It’s impossible to ignore the irony that the very people Trudeau has tried to ingratiate himself with are the ones who have turned on him. So it’s true: the revolution really does devour its own children. The furore should serve as a lesson that even the most impeccably woke politicians aren’t immune from malevolent trolls.
Obviously wanting to get in ahead of any other career-destroying disclosures about his reprehensible past, Trudeau then confessed that while at high school, he had worn blackface while singing the Jamaican folk song Day-O. A closet racist, then, beyond all doubt; just one step removed from the Ku Klux Klan. And to think this was the prime minister who had pretended to welcome Syrian refugees. Gasp! Was there any limit to his deceit and hypocrisy?
Trudeau completed his own humiliation with an apology that took grovelling to a new level. But in the feverish orgy of judgmentalism that followed Time’s story, a few important points have been overlooked.
The first is that people’s actions should surely be judged by their intent and their consequences – and I mean real consequences, not the ones that exist only in febrile, highly politicised minds. Did Trudeau intend to hurt, mock, exploit or demean dark-skinned people? It was a fancy-dress party, for heaven’s sake. Was any harm done by colouring his face and wearing Arab robes? Only to the overheated sensibilities of those who go through life looking for opportunities to take offence. Dressing as Aladdin hardly ranks as a crime against humanity.
Second, who in their past life hasn’t done something they now wish they hadn’t? Who wants to be held accountable for things they did decades ago, before their judgment had fully matured? I certainly wouldn’t. But Trudeau's self-righteous tormentors make no allowance for human frailties.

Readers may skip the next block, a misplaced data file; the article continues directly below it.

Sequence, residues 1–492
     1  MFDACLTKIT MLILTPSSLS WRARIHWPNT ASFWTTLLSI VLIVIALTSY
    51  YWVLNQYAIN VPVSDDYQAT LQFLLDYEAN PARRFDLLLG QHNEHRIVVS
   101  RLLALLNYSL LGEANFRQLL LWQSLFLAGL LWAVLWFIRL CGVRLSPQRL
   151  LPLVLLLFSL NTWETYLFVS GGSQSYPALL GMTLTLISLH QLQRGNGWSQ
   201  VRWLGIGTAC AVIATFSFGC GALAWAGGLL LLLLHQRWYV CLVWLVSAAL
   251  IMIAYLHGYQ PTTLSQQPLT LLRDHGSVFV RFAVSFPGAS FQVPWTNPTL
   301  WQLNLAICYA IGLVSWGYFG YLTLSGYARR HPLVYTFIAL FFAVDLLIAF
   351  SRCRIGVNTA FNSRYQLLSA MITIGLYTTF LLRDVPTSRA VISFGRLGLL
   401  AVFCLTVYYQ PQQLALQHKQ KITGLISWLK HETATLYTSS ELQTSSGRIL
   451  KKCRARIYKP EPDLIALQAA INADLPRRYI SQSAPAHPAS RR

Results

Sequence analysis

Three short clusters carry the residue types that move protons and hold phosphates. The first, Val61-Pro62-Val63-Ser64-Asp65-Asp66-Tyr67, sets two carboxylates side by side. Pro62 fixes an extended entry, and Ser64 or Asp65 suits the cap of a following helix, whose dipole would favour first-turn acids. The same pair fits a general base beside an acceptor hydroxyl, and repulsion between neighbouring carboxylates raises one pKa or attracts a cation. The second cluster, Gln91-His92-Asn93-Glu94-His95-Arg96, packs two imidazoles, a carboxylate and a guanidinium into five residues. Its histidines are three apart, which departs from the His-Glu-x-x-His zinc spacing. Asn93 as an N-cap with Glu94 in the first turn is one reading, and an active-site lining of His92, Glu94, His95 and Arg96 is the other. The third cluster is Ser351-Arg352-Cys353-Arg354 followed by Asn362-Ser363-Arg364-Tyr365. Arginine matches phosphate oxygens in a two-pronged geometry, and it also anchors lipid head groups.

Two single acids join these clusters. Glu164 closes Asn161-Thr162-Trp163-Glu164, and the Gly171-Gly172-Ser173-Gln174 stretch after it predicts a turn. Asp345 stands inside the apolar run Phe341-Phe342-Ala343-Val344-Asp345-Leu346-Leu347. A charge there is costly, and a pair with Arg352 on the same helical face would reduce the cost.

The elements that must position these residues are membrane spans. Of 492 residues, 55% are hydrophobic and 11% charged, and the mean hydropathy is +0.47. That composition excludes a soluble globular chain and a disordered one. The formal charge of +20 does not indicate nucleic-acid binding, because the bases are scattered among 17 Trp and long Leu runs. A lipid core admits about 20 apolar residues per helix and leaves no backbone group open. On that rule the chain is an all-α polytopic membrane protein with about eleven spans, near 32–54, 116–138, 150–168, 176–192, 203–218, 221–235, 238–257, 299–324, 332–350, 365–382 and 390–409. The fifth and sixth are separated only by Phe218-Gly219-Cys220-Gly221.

Moral perspectives change. Demanding that people’s past behaviour conform to contemporary codes laid down by a shrill, Pharisaical minority of activists raises the bar impossibly high. I doubt that many public figures could pass that test, and I imagine many lie awake at night fretting that their past will catch up with them.
Who knows? That Christmas pageant in your first year at school, when you were assigned to play Balthazar – you know, the one of the Three Wise Men who was traditionally depicted as black; somewhere there might still be an incriminating photo. Better track it down fast and put it through the shredder.
Finally, what is it about wearing blackface that makes it so offensive that anyone guilty of it in their past is condemned as a white supremacist? It’s only four decades since New Zealanders without a racist fibre in their bodies sat down in front of the television on Sunday nights to enjoy The Black and White Minstrel Show.
Sure, it wouldn't happen now. But did it occur to anyone then that it was racist? Was the show intended to be degrading or insulting to people of colour? That should be the yardstick by which we now judge it. Again, intent is crucial.
Granted, in hindsight the use of blackface resulted in a grotesque caricature of black people that is now seen as offensive. Woolly wigs were worn and mouths and eyes were exaggeratedly big and white. It also evoked memories of the Jim Crow era, a time when black Americans suffered appalling institutionalised discrimination.
For those reasons it not surprisingly fell out of favour in the latter part of the 20th century. But somewhere along the line, it seems to have been forgotten that performing in blackface was often an acknowledgment that its white exponents owed a debt to genuine African-American minstrels of an earlier time. It was one manifestation of the racial and cultural cross-fertilisation – whites borrowing from blacks and vice-versa – that left a permanent imprint on American music.
The fact that blackface, however innocently used, has since come to be regarded as a vile assertion of white supremacy and a potential destroyer of political careers, even for someone with Trudeau’s liberal credentials, shows how devastatingly effective the march of identity politics has been – and how brittle the political fabric of western democracy has become.
Exhibit C: Greta Thunberg and the attendant media circus.
Karl du Fresne, a freelance journalist, is the former editor of The Dominion newspaper. He blogs at karldufresne.blogspot.co.nz.
at 10:59 PM